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Is early flowering in myrmecochorous plants an adaptation for ant dispersal?
|Authors:||Guitián, J.; Garrido, José L.|
|Citation:||Plant Species Biology 21: 165- 171 (2006)|
|Abstract:||To analyze the extent to which early flowering of specialized myrmecochorous plants (i.e. plants producing elaiosome-bearing seeds) may be the result of adaptation for ant dispersal, we investigated flowering and fruiting patterns of common herb and shrub-layer species in a beechwood forest at the western end of the Cantabrian Range (Spain). Over the same period, we estimated ant abundance, the availability of alternative foods for ants, and the rate of removal of seeds by ants. Our results indicate: (i) that the flowering peaks of most strict myrmecochores occurred approximately 4 weeks earlier than in nonmyrmecochores; (ii) that the fruiting peak of both groups of plants occurred around the same time, in early July; (iii) that the peak in ant abundance coincides with the seed availability peak, and precedes the peak in availability of alternative ant foods; and (iv) that the probability of seed removal by Formica rufibarbis (the only ant species present in the study area) varies over the season, peaking in early July. In conclusion, our results show that despite differences in seed size, plants with ant-dispersed seeds show highly synchronous flowering, suggesting that strict myrmecochores in our study area may have adapted their phenologies to the seasonal availability of dispersers.|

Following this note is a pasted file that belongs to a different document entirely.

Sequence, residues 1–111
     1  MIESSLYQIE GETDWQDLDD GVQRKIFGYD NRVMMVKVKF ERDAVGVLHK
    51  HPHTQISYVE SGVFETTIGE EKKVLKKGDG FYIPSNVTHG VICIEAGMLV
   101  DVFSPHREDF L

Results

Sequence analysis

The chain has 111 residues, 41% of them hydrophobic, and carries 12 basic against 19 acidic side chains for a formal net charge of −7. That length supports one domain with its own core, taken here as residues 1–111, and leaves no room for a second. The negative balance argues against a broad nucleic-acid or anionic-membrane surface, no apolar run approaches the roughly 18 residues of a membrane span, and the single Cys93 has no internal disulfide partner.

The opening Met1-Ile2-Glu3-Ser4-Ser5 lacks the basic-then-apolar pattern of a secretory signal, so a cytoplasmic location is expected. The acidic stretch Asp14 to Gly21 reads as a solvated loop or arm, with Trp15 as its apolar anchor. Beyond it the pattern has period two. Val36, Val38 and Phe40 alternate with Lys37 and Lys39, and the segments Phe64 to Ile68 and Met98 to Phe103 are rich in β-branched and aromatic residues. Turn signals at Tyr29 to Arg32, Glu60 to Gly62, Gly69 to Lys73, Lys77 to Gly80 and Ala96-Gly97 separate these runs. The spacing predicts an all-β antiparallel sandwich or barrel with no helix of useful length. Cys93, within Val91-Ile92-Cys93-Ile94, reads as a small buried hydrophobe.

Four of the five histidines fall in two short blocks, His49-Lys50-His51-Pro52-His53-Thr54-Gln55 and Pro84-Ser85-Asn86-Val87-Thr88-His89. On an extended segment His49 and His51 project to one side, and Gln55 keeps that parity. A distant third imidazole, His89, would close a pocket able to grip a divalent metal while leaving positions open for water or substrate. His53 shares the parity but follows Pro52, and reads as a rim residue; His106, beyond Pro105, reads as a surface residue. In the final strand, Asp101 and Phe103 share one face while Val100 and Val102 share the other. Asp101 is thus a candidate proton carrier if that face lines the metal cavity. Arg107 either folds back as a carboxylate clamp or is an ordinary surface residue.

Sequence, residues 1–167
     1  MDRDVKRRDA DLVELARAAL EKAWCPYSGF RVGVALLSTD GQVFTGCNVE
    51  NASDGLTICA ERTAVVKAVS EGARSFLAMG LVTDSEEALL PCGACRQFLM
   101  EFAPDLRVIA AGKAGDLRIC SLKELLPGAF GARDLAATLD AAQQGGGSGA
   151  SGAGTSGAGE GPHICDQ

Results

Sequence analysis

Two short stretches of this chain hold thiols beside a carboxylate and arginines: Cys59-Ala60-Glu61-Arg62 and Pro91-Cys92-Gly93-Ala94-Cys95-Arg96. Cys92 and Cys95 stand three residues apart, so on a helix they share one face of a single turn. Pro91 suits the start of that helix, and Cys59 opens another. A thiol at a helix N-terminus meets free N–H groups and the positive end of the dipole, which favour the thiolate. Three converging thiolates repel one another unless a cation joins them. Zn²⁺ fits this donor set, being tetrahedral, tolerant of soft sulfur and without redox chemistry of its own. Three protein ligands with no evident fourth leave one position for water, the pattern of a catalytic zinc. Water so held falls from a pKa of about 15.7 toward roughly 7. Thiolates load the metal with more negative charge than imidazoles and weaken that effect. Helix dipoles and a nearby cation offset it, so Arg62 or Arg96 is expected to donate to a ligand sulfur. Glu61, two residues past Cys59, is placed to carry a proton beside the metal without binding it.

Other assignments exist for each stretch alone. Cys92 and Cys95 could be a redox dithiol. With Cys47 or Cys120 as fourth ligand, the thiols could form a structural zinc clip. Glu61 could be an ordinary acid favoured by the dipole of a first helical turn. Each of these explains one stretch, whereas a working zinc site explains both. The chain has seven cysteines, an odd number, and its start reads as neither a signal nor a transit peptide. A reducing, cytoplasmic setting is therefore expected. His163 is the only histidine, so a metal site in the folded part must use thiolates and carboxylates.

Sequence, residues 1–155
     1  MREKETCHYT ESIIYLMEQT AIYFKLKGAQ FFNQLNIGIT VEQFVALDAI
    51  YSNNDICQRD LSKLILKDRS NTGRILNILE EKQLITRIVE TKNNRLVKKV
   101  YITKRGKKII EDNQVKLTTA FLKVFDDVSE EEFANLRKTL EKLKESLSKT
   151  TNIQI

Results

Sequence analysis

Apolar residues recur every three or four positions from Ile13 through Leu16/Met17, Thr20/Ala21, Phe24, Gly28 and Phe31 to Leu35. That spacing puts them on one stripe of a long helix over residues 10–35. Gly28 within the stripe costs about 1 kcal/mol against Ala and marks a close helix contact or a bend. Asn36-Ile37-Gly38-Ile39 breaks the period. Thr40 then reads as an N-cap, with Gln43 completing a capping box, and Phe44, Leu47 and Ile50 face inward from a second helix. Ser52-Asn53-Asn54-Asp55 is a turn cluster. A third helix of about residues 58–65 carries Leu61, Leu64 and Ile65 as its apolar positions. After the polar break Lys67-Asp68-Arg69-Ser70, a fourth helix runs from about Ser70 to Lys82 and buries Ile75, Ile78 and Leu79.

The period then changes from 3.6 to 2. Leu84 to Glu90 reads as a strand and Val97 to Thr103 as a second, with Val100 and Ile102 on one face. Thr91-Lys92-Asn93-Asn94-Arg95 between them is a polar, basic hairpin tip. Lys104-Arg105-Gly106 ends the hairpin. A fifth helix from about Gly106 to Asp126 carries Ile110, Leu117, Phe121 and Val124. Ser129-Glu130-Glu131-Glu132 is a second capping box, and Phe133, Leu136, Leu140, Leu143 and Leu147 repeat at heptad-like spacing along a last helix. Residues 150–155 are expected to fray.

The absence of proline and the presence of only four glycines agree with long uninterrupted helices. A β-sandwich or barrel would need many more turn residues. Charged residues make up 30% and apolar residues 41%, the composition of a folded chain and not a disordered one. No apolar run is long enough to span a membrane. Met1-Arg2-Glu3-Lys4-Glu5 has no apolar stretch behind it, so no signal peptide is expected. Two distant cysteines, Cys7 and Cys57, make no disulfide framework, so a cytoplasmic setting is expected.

|Appears in Collections:||(EBD) Artículos|